Joseph Riippi, who lives in New York, is the author of four books, including A Cloth House and The Orange Suitcase. He will be appearing at the Franklin Park Reading Series next Monday, April 16, along with Heidi Julavits, Toure and others.
For our readers who may not be familiar with your work, what’s the most accurate thing someone else has said about it?
I’d like to believe the most accurate things are the fireworkiest blurbs. I think it’s good I don’t. I do believe those who call it genreless and memory-y, and that it contains a great deal of heart. Heart is really all I care about.
What have you read/watched/listened to/looked at/ate recently that will permanently change our readers’ lives for the better?
Always and forever, Running in the Family by Michael Ondaatje is a book to love. And Michael Kimball’s Us makes me cry each time. I wish I had written Us. Since reading Us, I wish most books were Us instead. I love Us so much. You should love Us, too.
(Also, the suckling pig chef’s table dinner at the Breslin Bar is something spectacular—my wife and some friends took me for my birthday).
Whose ghostwritten celebrity tell-all (or novel) would you sprint to the store to buy (along with a copy of The Meditations of Marcus Aurelius so that the checkout clerk doesn’t look at you screwy)?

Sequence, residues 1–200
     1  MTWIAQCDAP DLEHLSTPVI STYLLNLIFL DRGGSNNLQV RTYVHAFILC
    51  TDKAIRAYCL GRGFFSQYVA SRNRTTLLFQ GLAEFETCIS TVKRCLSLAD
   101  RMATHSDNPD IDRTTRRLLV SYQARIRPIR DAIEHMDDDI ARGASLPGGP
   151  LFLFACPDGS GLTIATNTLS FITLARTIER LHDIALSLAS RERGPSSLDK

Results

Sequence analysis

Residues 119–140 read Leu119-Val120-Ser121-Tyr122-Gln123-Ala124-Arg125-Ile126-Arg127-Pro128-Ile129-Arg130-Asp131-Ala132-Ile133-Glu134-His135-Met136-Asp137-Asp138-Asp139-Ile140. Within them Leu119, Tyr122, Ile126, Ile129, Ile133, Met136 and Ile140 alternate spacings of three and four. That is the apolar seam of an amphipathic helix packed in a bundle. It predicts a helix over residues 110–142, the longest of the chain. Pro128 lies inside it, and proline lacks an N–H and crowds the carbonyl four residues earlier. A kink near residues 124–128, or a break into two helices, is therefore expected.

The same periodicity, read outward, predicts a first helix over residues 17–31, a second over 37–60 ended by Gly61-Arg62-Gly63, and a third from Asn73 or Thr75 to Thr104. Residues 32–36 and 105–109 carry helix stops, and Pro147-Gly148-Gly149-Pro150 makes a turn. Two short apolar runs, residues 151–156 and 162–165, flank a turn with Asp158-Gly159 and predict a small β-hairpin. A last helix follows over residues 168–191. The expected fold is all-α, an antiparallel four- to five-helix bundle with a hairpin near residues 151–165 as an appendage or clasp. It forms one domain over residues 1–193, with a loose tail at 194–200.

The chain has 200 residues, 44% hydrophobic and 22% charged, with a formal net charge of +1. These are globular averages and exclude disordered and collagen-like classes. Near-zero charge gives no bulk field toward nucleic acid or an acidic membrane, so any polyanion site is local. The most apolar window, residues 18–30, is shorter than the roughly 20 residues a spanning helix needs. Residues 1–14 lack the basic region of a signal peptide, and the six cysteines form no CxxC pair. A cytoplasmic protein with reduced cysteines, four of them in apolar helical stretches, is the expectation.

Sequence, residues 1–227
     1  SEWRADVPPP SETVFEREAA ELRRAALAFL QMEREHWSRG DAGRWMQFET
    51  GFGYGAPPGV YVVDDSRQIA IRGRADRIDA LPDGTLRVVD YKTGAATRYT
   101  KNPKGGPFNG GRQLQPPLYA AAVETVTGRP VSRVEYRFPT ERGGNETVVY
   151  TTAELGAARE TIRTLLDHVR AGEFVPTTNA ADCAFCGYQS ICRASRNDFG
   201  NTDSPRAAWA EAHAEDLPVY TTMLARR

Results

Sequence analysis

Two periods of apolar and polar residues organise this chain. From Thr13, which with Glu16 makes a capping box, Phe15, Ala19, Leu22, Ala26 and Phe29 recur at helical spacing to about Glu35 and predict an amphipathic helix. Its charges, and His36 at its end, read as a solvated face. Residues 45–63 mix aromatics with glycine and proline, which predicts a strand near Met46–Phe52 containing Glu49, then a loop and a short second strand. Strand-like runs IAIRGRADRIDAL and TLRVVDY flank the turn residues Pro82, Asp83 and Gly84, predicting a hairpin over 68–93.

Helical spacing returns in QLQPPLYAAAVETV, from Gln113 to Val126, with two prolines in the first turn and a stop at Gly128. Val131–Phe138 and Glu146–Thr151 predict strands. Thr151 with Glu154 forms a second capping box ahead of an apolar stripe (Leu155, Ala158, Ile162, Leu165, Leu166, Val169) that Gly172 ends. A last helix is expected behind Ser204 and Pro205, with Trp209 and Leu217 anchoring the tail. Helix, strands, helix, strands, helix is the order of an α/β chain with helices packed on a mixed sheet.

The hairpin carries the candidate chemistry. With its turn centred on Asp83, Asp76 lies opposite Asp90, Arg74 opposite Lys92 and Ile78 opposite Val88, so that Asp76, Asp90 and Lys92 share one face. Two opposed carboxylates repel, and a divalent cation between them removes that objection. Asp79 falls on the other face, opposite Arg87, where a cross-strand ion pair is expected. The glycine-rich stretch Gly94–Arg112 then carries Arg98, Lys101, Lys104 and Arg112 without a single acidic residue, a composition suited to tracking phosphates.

Eddie Vedder. Or Stephin Merritt. Either way, instead of The Meditations I’d buy a magnum of red wine as accompaniment.
Have you ever been a Starving Artist, and did it make you brilliant, or just hungry?
My first few years in New York I worked as intern and then junior copywriter at an ad agency and made a habit of hoarding bagels and sandwiches from post-client conference rooms. I did not starve, did not even come close. I was often admonished for the hoarding, but I was a sharer, too, and everyone loves bagels. What small salary they paid me went to books and beer and great big freezer bags I’d buy to keep the agency’s Friday-morning bagels fresh for a week of my breakfasts and lunches. On weekends I wrote and read and made ninety-nine cent sale pasta with my girlfriend. On Mondays I defrosted pumpernickels, making certain to seal the bag. Eventually I afforded the deli.
What would you characterize as an ideal interaction with a reader?
One in which I am not sweaty and awkward and magnificently self-conscious. That is to say, in dreams or in writing.
Have you ever written anything that you’d like to take back?